Bates built Southampton just as Shankly made the modern Liverpool or Busby Manchester United, unearthing future England internationals Terry Paine, Mick Channon and Martin Chivers as the Saints reached the 1963 FA Cup semi-final, twice finished seventh in the First Division,  and played two seasons in Europe, beating Rosenborg and Vitória de Guimarães in the Fairs Cup of 1969-70 before losing on away goals to Newcastle United, then bowing out at the first round stage of the 1971-72 UEFA Cup  3-2 on aggregate to Athletic Bilbao.

After nearly two decades as manager, Bates stepped down in 1973, remaining on the staff as chief executive and assistant to Lawrie McMenemy as Southampton defeated Manchester United 1-0 in the 1976 FA Cup Final. "It didn't come any better than winning the FA Cup at Wembley, " he said. "It was our first trip to Wembley, the first time we'd won the cup...I don't think anyone involved with the club will forget it."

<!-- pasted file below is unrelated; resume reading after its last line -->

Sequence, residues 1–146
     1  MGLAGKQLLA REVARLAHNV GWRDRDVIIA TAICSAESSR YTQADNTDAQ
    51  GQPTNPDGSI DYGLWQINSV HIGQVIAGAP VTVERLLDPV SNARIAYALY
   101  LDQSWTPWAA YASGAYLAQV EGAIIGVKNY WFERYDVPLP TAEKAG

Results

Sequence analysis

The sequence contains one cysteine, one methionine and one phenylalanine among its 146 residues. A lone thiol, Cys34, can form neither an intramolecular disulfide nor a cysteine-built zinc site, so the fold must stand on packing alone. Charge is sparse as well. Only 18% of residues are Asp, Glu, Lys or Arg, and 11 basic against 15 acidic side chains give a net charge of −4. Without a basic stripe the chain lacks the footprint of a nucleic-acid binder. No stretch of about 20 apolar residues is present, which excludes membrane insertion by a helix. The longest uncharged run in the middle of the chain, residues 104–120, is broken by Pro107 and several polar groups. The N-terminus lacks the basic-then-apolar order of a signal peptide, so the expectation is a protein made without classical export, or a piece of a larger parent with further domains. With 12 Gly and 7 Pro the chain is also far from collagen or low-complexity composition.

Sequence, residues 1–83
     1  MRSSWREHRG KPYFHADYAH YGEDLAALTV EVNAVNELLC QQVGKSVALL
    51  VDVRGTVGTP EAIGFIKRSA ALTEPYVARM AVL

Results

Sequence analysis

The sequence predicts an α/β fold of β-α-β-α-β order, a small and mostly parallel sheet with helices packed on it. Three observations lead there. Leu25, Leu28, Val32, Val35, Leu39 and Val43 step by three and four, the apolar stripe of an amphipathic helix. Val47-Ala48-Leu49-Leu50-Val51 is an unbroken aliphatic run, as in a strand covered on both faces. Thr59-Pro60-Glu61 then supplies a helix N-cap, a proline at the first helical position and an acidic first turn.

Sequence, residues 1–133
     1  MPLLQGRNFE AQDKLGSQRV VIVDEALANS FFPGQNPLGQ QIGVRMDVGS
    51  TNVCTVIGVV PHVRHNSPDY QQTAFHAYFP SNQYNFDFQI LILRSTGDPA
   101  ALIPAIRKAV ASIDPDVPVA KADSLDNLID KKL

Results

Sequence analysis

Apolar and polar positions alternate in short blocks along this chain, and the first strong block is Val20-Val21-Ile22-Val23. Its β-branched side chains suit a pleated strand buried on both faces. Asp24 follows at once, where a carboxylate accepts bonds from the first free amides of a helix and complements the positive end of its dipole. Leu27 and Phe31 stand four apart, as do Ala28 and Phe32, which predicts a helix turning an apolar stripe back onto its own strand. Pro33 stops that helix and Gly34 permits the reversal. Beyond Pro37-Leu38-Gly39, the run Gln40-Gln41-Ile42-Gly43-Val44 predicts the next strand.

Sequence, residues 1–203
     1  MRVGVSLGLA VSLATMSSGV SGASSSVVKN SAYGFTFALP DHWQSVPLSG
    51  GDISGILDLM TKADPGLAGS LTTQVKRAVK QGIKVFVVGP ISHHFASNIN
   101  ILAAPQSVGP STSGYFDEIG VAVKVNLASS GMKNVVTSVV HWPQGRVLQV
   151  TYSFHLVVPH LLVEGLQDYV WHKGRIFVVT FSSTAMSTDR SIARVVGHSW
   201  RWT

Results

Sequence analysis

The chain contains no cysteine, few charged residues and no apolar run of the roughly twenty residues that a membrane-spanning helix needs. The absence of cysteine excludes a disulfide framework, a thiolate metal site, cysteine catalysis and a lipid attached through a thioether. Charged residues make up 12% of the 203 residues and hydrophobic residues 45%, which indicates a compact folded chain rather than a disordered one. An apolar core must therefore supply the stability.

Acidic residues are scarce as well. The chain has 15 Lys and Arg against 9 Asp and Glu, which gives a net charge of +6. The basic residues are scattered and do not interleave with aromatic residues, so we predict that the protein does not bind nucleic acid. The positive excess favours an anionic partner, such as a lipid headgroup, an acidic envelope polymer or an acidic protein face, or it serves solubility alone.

Joining the board in 1978, Bates was made an MBE and awarded the freedom of the city in 2001, two years before his death at the age of 85.  Four years later a £112,000 bronze statue, funded by the Ted Bates Trust, was unveiled outside St Mary's Stadium, only to be taken down within a week.  Widely derided for resembling Portsmouth owner Milan Mandaric shrunk to Jimmy Krankie proportions, the sculpture was called "an absolute abomination", "His head is too big, his arms too big, his legs too small," just one of the many criticisms.  "It was an embarrassing episode, mistakes happened, it wasn't very good and something had to be done," Southampton chairman Leon Crouch admitted as he revealed a £120,000 replacement. "Ted was - and in many ways still is - Southampton Football Club and we owe it to him to build a fitting statue."  The new work - by Sean Hedges-Quinn, who also sculpted Sir Bobby Robson and Bob Stokoe - stands outside the main entrance to the ground, showing Bates dressed formally in a suit and tie, waving towards the River Itchen. "Ted Bates MBE Mr Southampton," reads the inscription on the plinth.  "This statue has been erected by fans, friends and colleagues in recognition of Ted's 66 years of loyal service to our great club."  A fitting tribute to the man who did as much as anyone to build Southampton FC.